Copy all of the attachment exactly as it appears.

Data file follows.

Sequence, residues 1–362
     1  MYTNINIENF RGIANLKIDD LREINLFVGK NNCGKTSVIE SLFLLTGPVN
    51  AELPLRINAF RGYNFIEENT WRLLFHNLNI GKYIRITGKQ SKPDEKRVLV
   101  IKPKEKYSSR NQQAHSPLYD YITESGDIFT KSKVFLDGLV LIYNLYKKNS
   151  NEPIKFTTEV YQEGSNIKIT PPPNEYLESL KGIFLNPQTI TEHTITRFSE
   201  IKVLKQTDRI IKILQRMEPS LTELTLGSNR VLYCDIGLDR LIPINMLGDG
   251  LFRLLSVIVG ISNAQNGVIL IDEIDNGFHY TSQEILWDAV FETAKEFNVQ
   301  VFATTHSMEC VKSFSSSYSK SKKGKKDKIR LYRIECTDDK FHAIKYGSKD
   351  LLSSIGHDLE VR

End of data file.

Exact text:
Sequence, residues 1–362
     1  MYTNINIENF RGIANLKIDD LREINLFVGK NNCGKTSVIE SLFLLTGPVN
    51  AELPLRINAF RGYNFIEENT WRLLFHNLNI GKYIRITGKQ SKPDEKRVLV
   101  IKPKEKYSSR NQQAHSPLYD YITESGDIFT KSKVFLDGLV LIYNLYKKNS
   151  NEPIKFTTEV YQEGSNIKIT PPPNEYLESL KGIFLNPQTI TEHTITRFSE
   201  IKVLKQTDRI IKILQRMEPS LTELTLGSNR VLYCDIGLDR LIPINMLGDG
   251  LFRLLSVIVG ISNAQNGVIL IDEIDNGFHY TSQEILWDAV FETAKEFNVQ
   301  VFATTHSMEC VKSFSSSYSK SKKGKKDKIR LYRIECTDDK FHAIKYGSKD
   351  LLSSIGHDLE VR